Saturday, September 5, 2009


I woke up this morning in my own bed for the first time since Wednesday morning, and now I can start to chronicle the last few days. I'll do it in fragments both because it's easier in my current state to write short bursts than sustained narrative, and because my memory of the last few days is choppy and inconsistent. But I'll start at the beginning.

Day 1 -- Wednesday

The alarm went off at 4:30, but I'd already been up an hour. Everything was done and up to date but still it was a harried chunk of time until the car arrived. I had a little coffee first (I view the no food or beverages dictum as more of a suggestion than a rule), and then we were off to Lenox Hill.

Things went smoothly and efficiently, with no real waiting. Once I was changed and situated in my corner of the pre-op ward, the parade began. Lots of nurses asking lots of questions. Lots of forms to be filled out. Lots of repetition. The visits had a reassuring humdrum quality to them, at least until round 2 started.

Round 2 included visits from the anesthesiologist (a very good person to know), a neurobiologist (that was unexpected, more to come about him) and finally the ortho. The ortho was reassuring and said a couple of things that made me feel better. First, he said that this is the least aggressive of the spinal surgeries he does, and that a simple laminectomy (or as I later heard it called "a one-level lami" )with a small cyst removal was straightforward. He also said that my thinness was a distinct advantage and would make the surgery easier for both him and me. The anesthesiologiest had a dry sense of humor, which I always appreciate.

It was the neurobiologist though who struck me, both in the simple fact of his presence and involvement and then because of his personality. He was short and squat and bearded, and a little too chipper and hyper for that hour of the morning (the other guys had a better approach; neither sepulchral nor solemn, just a little quieter and more in tune with the occasion.) He chattered on about how he always works with this doc, and how the insurance would work. Those two facts could not have been less interesting to me at the moment. What was more interesting was his role: he'd be monitoring my brain, spinal cord and nerve function throughout the surgery, and that made perfect sense to me.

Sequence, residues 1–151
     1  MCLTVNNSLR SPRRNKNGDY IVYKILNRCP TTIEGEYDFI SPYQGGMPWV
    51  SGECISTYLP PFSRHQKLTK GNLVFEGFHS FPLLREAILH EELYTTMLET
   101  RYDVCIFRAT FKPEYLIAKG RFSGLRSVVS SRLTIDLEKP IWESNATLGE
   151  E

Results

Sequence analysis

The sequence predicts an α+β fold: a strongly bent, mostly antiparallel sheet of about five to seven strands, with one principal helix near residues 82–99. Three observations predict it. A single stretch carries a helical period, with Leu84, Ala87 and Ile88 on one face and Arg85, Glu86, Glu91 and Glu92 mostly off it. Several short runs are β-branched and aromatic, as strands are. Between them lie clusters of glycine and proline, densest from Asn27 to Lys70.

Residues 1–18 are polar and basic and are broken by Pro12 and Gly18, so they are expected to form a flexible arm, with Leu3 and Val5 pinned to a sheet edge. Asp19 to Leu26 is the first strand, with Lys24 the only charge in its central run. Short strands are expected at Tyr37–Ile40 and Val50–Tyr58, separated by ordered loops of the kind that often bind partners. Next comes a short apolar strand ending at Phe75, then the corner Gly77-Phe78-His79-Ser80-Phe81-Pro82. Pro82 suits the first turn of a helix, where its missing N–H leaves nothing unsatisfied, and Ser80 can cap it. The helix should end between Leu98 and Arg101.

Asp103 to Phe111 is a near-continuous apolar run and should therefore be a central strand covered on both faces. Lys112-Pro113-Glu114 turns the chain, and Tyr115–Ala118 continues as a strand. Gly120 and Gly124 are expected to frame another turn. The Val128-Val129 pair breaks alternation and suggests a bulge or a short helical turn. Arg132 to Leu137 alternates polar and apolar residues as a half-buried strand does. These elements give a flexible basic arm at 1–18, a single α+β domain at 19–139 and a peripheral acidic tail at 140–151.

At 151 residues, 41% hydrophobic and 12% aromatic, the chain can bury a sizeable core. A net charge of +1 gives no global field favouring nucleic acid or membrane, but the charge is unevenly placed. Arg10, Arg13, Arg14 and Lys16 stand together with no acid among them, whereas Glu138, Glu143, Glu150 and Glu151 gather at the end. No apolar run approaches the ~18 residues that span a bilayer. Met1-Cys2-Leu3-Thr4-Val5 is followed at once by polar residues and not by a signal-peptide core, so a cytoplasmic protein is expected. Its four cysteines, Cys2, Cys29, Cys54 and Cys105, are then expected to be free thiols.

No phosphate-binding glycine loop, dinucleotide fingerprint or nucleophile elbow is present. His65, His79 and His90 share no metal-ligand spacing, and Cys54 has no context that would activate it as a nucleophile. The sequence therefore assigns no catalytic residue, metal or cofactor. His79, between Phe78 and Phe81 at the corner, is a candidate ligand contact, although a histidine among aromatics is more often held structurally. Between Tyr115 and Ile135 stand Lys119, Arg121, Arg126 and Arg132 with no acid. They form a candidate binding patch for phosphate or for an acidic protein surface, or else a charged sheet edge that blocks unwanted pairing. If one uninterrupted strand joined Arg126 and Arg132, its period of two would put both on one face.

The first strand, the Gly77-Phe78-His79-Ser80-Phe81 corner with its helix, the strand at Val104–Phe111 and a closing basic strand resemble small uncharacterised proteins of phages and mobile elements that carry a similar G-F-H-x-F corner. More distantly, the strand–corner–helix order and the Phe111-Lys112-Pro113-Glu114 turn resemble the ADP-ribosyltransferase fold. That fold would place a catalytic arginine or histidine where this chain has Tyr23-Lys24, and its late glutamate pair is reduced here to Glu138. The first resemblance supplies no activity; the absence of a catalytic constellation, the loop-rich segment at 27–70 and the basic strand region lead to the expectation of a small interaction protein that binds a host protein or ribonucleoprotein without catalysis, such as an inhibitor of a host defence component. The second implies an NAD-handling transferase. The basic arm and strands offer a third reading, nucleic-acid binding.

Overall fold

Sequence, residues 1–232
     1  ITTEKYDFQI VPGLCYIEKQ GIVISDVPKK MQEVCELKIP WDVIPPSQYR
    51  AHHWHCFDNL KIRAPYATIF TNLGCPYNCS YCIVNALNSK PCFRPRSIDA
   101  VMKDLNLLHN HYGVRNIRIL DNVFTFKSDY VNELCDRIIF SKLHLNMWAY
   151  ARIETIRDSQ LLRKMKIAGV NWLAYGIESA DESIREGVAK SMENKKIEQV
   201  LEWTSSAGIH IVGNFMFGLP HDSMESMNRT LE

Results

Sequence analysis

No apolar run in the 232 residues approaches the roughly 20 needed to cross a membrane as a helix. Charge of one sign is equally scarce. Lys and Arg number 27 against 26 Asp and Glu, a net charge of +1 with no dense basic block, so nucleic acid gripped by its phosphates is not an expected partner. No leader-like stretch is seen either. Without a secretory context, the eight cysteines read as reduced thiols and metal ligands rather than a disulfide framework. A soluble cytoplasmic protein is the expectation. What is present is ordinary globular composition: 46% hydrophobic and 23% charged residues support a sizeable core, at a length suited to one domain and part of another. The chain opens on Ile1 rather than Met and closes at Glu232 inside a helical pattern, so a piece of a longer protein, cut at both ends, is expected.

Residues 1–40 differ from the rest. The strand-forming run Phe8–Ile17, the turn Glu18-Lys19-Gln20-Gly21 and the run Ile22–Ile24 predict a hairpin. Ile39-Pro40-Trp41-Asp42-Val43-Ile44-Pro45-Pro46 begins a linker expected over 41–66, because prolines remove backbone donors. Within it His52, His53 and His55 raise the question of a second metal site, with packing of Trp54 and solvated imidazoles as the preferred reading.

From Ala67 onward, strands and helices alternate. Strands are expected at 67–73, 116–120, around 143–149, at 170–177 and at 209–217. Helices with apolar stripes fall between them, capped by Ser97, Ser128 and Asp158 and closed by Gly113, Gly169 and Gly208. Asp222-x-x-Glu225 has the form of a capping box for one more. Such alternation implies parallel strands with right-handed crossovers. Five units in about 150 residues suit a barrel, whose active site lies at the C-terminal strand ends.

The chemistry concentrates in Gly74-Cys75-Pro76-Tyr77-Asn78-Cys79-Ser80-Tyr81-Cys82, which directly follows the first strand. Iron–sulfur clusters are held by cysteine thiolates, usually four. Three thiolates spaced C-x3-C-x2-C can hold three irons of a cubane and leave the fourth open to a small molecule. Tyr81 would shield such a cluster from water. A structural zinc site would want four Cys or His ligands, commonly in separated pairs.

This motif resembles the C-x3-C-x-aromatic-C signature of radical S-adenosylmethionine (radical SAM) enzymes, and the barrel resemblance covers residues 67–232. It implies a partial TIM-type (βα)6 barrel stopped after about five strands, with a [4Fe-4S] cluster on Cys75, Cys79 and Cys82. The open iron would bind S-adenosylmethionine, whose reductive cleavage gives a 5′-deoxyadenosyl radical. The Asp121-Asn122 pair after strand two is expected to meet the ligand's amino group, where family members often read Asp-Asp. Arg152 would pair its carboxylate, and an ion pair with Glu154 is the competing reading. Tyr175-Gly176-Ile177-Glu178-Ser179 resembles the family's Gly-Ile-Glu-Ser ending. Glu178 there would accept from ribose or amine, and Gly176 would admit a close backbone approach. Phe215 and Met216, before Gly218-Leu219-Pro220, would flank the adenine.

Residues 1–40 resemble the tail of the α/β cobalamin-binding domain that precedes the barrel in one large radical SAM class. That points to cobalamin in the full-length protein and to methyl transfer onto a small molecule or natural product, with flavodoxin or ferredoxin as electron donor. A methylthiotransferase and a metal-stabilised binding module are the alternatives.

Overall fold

Shortly after the last visit it was time to go. I was wheeled out of there in a wheelchair, and Nick came along as far as they let him, then we said goodbye and the nurse and I went on to the OR.

I was awake a long time in the OR before they put me out, long enough to take in the room (I like to look at labeled cabinets and drawers and shelves see what they keep. I didn't recognize most of the stuff, until I saw a box marked "drill bits." I stopped reading labels after that. The other thing I saw that struck me was a radio labeled "Ortho Spine Radio." It took me a minute; my first thought was that spine surgeons had their own radion station and I wondered what kind of stuff they broadcast, music to drill by, tutorials - yes, of course that's not what the label meant.)

There were so many people in there; the anesthesiologist, dr. brainwave, the PA, nurses everywhere and finally the ortho. Huge room with tons of equipment and staff. I made a lame joke asking if all this attention was for me, and that they needn't bother. The brainwave guy was prancing around putting electrodes all over me, and humming and whistling. I liked the anesthesiologist better; he chatted quietly with me and made a few wry comments. The ortho told me again that this would be straightforward and all would be fine. He'd go in, clear the lamina from the spinal canal, excise the small cyst, close up and be done.

From there it fades to black. I awoke many hours later in the recovery room. The surgery had taken longer than expected; closer to two hours than one, and I was out for hours after. The first face I saw when I woke up was Nick -- nothing in the world beats that. He'd obviously gotten the report on the surgery before me, and he brought me up to date. I heard what he said as though I were in an echo chamber. I had a hard time processing and remembering what he was saying.

The best laid plans, and all that. Apparently the ortho was shocked when he opened me up, because he found things that neither the MRIs nor xrays showed (so much for the great value of imaging studies.)

The tiny cyst turned out to be enormous (in his words he keep taking it out and it kept coming and coming.) There was a badly herniated disk. And strangest of all (at least to me) there was a bone fragment; apparently a piece of bone from my spinal column had broken off and was just kind of floating in there. He told Nick that he couldn't imagine how much pain I must have been in, and that he was astonished at what he found. The nerves apparently were also very much affected; whenever he went anywhere near the nerve the lines on the monitor were off the charts (ok that's not a technical description but it's the best I can do) and he used steroids just to calm the nerves.